The Rapic transmitter comprised a power supply and seven printed circuit cards plugged into a card cage utilising the multibus standard.
These cards initially were (a second generation soon followed)
The specification of the Rapic Transmitter
|Power:240vac, 50Hz, watts|
Resolution: Range2km, Angular 1 degree
Output Data: Digital 2400Baud, synchronous RS232C
PC-8201 Maintenance Terminal
The NEC PC-8201 was manufactured from 1983 until 1987 and was one of the first lightweight, battery-powered notebook computers.
It is approx. 8.5" x 11" x 1", with a 40 character by 8 line black and white reflective LCD display. It has a standard RS-232 serial port and a standard parallel printer port. It was a sister to the Tandy Model 100, Model 102 and the Kyocera KC-85, and the Olivetti M-10 laptops.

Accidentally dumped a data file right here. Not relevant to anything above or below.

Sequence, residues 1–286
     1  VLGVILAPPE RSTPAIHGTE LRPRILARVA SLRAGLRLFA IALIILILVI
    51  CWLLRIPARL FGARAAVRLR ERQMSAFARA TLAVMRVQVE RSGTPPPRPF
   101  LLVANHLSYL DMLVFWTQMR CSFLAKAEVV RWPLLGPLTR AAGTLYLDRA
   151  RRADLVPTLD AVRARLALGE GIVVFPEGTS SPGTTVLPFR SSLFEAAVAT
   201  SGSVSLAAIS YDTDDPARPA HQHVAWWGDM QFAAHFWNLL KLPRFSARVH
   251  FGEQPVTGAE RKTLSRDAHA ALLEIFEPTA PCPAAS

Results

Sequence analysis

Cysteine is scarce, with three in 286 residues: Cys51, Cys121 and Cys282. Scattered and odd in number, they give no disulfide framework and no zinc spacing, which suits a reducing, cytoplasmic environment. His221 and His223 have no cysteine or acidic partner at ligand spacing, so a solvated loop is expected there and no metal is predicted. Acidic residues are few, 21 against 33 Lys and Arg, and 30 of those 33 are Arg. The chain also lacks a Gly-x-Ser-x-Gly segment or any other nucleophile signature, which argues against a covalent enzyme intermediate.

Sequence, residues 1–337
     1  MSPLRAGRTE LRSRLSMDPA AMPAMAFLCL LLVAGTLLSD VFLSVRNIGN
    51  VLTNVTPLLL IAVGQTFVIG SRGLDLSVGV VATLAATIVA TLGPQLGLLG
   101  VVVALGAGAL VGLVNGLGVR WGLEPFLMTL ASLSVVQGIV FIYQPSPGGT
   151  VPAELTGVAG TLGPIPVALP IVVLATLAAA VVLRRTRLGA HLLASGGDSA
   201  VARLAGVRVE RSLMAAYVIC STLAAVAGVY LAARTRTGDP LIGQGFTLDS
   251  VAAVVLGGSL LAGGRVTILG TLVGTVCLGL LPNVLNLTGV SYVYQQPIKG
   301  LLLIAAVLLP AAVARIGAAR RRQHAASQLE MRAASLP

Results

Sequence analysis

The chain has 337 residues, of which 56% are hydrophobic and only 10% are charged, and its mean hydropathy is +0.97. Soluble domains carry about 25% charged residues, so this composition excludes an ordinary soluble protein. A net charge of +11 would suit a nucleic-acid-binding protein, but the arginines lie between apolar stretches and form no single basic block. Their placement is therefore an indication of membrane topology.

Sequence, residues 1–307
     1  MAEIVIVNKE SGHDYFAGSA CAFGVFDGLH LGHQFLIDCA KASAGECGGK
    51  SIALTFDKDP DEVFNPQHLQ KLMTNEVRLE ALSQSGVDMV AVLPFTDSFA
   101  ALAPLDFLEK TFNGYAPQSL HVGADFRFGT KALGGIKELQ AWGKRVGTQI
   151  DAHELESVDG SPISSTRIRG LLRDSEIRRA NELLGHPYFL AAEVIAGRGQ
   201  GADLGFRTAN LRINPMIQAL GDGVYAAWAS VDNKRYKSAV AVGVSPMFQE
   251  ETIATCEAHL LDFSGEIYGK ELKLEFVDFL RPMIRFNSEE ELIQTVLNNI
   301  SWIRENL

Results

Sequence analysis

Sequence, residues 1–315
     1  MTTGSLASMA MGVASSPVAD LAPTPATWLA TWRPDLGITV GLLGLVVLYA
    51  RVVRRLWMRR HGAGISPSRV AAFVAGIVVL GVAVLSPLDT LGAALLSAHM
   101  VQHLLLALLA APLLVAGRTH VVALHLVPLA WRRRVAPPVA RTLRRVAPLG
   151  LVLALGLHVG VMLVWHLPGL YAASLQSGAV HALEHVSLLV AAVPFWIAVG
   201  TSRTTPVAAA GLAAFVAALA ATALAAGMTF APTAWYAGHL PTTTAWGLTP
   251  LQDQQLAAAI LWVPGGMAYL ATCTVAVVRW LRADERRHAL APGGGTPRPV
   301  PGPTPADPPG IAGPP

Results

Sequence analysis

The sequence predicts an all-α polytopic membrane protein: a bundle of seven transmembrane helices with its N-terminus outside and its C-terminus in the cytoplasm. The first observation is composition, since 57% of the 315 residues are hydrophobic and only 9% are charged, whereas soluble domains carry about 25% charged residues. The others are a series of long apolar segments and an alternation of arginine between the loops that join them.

The PC-8201 has three built-in firmware applications, (1) the BASIC computer programming language, (2) the TEXT editor, and (3) the TELCOM terminal emulator. It has no hard or floppy drives.
The TELCOM terminal emulator and RS-232 serial port made it so suitable for the role of a technician maintenance terminal for the Rapic transmitter. Though it could be powered by four AA batteries, the Radar Interface associated with the Rapic Transmitter provided the required DC supply voltage.